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Anti-poverty charities in bed with the BigSix: our response

Yesterday we published a statement about a joint meeting between Big Six profiteers British Gas and housing charity Shelter.

Today comes news that Save the Children are also sponsored by British Gas and EDF Energy. The Independent reports on the following:

One of Britain’s biggest charities is today accused  by a whistleblower of  self-censoring criticism of Big Six energy suppliers for fear of upsetting existing – or potential – corporate donors.

Save the Children, one of the UK’s oldest NGOs, which raised almost £300m last year, is alleged to have repeatedly quashed press releases criticising British Gas price rises to avoid damaging its corporate partnership with the company, which was worth £1.5m over 10 years. The charity is also accused of dropping a potential campaign on the effects of fuel poverty on children while it was under consideration for funding from EDF.’

We are deeply troubled by anti-poverty charities cooperation with poverty profiteers. If big charities can’t and won’t call out and identify poverty creating behaviour, who will?! And who are they really benefitting if they don’t address the causes of poverty, but instead take money from those who force meters on the vulnerable, whilst keeping quiet about the additional 300,000 people were pushed into fuel poverty this year?

Below is our statement to Shelter:

On Tuesday 10th December housing organisations, including grassroots tenants groups and big charity Shelter are getting together in east London at a roundtable event to talk about housing, private tenants rights and to discuss what happens ‘particularly when it comes to poor conditions in, and management of, their property.’

The event is being jointly hosted by Shelter and British Gas.

British Gas, as in the profits-before-people, polluting British Gas?

British Gas, as in one of the most influential Big Six companies who have recently successfully lobbied the government to cut ‘green taxes’ to ‘take £50 off the bill’ which in turn hugely cut insulation funding for those in worst quality housing stock from 80,000 homes per year to 25,000 homes per year?
The £50 off the bill that British Gas lobbied hard for comes entirely from money that was signposted to insulate the worst quality and draftiest housing stock whilst not affecting one single penny of profit from British Gas, whose owners Centrica made £1.58 billion pure profit in just 6 months this year.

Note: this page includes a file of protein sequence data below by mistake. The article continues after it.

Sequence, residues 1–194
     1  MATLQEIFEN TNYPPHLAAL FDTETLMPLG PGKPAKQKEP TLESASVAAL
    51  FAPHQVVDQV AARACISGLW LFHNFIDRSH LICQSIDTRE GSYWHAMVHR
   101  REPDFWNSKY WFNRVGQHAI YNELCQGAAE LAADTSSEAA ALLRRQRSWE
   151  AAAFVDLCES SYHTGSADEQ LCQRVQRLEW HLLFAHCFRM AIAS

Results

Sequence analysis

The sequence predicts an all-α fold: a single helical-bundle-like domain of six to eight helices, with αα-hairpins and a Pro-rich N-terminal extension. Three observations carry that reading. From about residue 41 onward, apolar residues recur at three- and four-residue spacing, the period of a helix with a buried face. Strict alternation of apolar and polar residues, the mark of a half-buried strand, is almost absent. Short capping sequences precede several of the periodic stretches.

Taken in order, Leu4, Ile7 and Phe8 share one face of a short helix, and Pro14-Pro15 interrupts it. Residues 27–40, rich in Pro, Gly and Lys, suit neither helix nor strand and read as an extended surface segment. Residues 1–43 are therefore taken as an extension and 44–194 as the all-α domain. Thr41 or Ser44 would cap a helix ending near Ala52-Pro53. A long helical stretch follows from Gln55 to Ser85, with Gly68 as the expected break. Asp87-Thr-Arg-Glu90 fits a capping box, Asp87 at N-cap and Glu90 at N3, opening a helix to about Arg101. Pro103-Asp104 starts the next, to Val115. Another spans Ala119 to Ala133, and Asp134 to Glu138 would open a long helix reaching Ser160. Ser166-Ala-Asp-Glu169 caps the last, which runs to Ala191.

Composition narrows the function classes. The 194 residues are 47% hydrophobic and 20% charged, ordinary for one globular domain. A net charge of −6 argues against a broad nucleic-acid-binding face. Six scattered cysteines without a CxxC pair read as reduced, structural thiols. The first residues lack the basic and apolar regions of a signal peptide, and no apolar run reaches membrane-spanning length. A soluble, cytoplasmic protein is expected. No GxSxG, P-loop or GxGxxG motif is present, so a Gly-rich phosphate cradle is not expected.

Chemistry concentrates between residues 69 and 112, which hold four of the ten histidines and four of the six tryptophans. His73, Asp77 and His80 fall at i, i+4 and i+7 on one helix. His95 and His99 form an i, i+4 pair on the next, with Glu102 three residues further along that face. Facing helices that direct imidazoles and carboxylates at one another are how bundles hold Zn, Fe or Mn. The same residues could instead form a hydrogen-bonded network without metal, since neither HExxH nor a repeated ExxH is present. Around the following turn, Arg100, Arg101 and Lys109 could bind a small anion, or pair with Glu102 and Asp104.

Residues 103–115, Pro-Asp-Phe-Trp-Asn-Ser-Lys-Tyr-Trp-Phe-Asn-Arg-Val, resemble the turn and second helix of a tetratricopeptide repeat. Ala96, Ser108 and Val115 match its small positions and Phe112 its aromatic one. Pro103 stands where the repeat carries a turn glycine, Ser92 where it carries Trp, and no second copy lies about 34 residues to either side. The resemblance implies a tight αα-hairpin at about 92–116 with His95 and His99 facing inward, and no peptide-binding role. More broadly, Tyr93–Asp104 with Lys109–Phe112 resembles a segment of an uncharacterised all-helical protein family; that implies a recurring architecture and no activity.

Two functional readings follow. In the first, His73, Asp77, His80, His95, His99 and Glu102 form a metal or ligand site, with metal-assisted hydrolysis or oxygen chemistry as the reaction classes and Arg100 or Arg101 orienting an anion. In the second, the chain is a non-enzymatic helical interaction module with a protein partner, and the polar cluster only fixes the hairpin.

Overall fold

We want to ask Shelter, who do lots of valuable work on housing, if it is really appropriate to be taking sponsorship money from and hosting joint events with a company who lobbied to dramatically reduce funding for insulation when the impact is that tens of thousands of families more families are now condemned to live in cold and damp housing for many more years to come, as well as being left with high bills that come with trying to keep drafty and cold homes warm.

Companies rely on respected charities like Shelter for their ‘social license to operate.’ Whilst charities are willing to cooperate with them they are able to brand themselves as ‘one of the good guys’, whilst in fact simultaneously ensuring that families are condemned to poverty so that they can continue with their profiteering and polluting ways undisturbed.

For more on the British Gas lobbying story:

http://www.telegraph.co.uk/finance/newsbysector/energy/10400510/Suppliers-welcome-David-Camerons-energy-competition-and-green-tax-reviews.html

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Discussion

One thought on “Anti-poverty charities in bed with the BigSix: our response

  1. What has been written here about the decision by Shelter to join British Gas in an event on housing problems is very alarming. I am concerned about some acquaintances who rely on charities such as Shelter, and I must say I feel very worried about their circumstances.

    Posted by Hasan Abdulla | December 9, 2013, 5:04 pm

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